Microsoft Office Tutorials and References
In Depth Information
Creating a New Presentation
In PowerPoint, slides are blank areas that you can adorn with various objects.
The most common type of object is a text placeholder, a rectangular area that’s
specially designated for holding text. (Other types of objects include shapes,
such as circles or triangles; pictures imported from clip art files; and graphs.)
Most slides contain two text objects: one for the slide’s title and the other for
its body text. However, you can add more text objects if you want, and you
can remove the body text or title text object. You can even remove both to
create a slide that contains no text.
Whenever you move the cursor over a text object, the cursor changes from
an arrow to the I-beam, which you can use to support bridges or build
aircraft carriers. Seriously, when the cursor changes to an I-beam, you can click
the mouse button and start typing text.
When you click a text object, a box appears around the text, and an insertion
pointer appears at the spot where you clicked. PowerPoint then becomes
like a word processor. Any characters that you type are inserted into the
text at the insertion pointer location. You can press Delete or Backspace to
demolish text, and you can use the arrow keys to move the insertion pointer
around in the text object. If you press Enter, a new line of text begins within
the text object.
When a text object contains no text, a placeholder message appears in the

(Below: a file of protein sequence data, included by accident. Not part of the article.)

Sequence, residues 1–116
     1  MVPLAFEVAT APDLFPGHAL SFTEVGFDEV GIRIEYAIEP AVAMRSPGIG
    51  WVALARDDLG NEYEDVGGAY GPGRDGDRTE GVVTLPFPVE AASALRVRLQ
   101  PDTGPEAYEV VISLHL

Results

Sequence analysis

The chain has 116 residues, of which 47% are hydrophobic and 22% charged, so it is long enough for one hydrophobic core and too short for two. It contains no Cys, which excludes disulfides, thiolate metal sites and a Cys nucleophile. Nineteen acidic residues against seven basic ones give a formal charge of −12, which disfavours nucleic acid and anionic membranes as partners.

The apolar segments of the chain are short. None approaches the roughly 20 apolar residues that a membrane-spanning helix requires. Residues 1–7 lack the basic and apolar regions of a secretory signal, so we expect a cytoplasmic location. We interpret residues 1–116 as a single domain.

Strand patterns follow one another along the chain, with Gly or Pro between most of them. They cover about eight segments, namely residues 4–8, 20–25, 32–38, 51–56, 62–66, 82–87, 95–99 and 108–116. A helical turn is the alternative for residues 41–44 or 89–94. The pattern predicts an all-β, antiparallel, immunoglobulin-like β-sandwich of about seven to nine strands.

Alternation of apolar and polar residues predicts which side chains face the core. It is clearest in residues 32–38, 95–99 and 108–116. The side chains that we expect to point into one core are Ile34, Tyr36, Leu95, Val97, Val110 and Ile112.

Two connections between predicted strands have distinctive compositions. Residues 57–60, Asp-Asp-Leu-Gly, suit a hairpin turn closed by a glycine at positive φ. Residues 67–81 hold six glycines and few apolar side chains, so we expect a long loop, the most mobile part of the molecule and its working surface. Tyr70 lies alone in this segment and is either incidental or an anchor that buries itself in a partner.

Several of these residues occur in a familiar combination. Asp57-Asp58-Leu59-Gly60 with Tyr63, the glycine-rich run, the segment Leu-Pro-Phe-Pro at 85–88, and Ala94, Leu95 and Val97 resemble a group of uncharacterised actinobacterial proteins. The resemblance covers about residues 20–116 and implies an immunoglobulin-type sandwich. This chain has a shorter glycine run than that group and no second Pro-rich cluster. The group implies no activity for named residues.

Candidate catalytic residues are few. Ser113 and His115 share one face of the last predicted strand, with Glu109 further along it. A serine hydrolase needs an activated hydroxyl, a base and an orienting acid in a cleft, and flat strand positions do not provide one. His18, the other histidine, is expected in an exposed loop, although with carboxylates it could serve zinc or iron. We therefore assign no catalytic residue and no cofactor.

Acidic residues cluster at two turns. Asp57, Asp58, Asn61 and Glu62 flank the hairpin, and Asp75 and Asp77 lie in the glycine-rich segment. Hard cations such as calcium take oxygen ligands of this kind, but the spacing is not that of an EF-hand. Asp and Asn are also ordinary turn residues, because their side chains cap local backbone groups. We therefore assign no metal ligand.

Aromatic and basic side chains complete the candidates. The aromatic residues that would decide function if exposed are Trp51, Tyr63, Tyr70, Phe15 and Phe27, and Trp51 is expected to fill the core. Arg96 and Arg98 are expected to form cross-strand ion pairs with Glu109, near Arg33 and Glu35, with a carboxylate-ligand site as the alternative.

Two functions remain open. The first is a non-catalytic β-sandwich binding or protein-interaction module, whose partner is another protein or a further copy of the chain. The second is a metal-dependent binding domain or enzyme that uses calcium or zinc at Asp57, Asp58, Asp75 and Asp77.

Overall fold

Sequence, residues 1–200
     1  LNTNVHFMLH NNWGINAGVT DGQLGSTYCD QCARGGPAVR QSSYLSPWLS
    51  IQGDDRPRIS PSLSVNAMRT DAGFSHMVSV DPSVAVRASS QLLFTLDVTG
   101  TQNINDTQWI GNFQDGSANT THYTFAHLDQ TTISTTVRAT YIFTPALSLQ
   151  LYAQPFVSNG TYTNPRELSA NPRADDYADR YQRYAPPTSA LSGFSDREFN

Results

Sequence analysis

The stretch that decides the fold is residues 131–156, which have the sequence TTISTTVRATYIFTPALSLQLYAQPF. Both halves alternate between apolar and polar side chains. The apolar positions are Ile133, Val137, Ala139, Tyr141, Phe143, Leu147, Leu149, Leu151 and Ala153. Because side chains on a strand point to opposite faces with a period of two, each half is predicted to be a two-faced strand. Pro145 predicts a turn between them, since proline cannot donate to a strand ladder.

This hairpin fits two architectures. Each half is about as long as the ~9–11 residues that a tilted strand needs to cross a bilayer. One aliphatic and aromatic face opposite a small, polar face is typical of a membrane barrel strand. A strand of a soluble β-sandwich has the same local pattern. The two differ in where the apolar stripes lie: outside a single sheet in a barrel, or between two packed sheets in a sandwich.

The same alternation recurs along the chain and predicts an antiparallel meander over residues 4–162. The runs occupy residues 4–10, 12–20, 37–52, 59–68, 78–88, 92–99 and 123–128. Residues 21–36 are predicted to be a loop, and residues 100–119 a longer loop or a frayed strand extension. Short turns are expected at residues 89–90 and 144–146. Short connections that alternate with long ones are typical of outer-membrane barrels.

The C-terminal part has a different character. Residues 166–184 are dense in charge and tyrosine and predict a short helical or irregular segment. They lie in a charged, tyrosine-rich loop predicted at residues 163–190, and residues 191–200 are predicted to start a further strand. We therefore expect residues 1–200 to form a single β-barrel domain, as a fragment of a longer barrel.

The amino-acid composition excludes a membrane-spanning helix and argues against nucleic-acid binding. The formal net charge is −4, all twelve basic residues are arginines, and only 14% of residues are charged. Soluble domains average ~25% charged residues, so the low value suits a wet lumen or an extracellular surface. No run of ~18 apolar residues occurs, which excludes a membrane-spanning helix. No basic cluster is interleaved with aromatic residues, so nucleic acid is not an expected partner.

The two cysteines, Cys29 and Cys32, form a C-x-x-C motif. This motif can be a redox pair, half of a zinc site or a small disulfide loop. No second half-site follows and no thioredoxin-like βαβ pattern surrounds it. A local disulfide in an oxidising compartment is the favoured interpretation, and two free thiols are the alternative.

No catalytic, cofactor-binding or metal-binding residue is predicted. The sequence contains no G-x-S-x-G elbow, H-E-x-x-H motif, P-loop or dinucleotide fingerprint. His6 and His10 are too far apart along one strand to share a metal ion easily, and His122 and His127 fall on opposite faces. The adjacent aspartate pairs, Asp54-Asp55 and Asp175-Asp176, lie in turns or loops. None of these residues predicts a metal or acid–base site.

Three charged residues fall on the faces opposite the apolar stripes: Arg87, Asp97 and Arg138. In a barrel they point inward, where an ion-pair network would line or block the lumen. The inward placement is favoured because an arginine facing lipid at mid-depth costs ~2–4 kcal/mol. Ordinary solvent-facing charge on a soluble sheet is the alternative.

object. For example, a title text object displays the message Click to add
title. Other placeholders display similar messages. The placeholder
message magically vanishes when you click the object and begin typing text.
If you start typing without clicking anywhere, the text that you type is entered
into the title text object — assuming that the title text object doesn’t already
have text of its own. If the title object is not empty, any text that you type
(with no text object selected) is simply ignored.
After you finish typing text, press Esc or click anywhere outside the text object.
In Chapter 2, you find many details about playing with text objects, but hold
your horses. You have more important things to attend to first.
Adding a new slide
When you first create a presentation, it has just one slide, which is useful only
for the shortest presentations. Fortunately, PowerPoint gives you about 50
ways to add new slides to your presentation. You see only three of them here: